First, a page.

Gene: Because, Joe, like you and me, he’s an Italian-American, and it seems that all the books about Italian-Americans give us a bad rep!  If you remember, in The Dry Cleaner [the first Rich Vitelli mystery] it’s Vitelli who takes down the Italian mob in the mythical city where he lives and works.

Joe: I do remember.  But, as I recall, Vitelli is somewhat of a flawed individual.

Gene: As we all are, Joe.  Vitelli struggles with some personal demons, but he is, at heart, a good man, and a really smart cop.  I really enjoy having Vitelli wrestle with the elements in a case that just don’t add up, and then mulling over the facts in his mind until they actually do make sense.  And, of course, he has to be smart, because he gets pitted against some really nasty villains.

Joe: That he does!  And in True Believers he comes up against some more real beauties!  Do you particularly like writing about villains?

Gene: I think every writer does—just as every actor will tell you he would almost rather play the villain than the hero in a movie.  It’s only with the bad guys that an author can get creative, and let his imagination run wild.  Take Sheldon Hertz, for example; this guy has all the money he ever needs or wants, and he’s got this idea that he can use his fortune to make the world over in his own idealistic image.  And, in order to make his dream come true, he’s more than willing to commit the occasional murder when his victims won’t cooperate.  You’ve got to love writing about a guy like that.  Then there’s Anubis Cline . . .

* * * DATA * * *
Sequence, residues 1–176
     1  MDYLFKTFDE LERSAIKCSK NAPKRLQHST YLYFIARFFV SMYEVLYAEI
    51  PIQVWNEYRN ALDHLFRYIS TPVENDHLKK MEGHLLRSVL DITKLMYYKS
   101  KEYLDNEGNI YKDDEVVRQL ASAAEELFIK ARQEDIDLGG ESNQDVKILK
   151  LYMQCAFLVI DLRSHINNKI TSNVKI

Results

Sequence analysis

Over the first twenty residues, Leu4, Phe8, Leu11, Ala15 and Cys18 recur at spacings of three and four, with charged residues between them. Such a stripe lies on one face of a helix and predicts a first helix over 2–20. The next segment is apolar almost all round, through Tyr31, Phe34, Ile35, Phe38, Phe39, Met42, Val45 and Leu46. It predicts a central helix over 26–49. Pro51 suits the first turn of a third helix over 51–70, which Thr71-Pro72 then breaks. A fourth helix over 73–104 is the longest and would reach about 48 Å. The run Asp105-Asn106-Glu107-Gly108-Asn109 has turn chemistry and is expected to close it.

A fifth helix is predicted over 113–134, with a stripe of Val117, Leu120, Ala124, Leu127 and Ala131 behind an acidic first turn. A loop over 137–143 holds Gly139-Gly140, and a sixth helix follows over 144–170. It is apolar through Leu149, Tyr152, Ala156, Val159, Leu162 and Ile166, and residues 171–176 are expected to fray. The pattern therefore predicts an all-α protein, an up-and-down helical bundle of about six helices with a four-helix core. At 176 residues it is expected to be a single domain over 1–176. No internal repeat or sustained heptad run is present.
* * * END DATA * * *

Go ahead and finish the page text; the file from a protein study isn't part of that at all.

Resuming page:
Joe: Yeah, the criminal mastermind, who helps carry out Hertz’s orders.  But let’s not give away your entire plot!  One thing I did notice, though, is that not all your villains are brought to justice in the end, which really surprised me.  Why is that?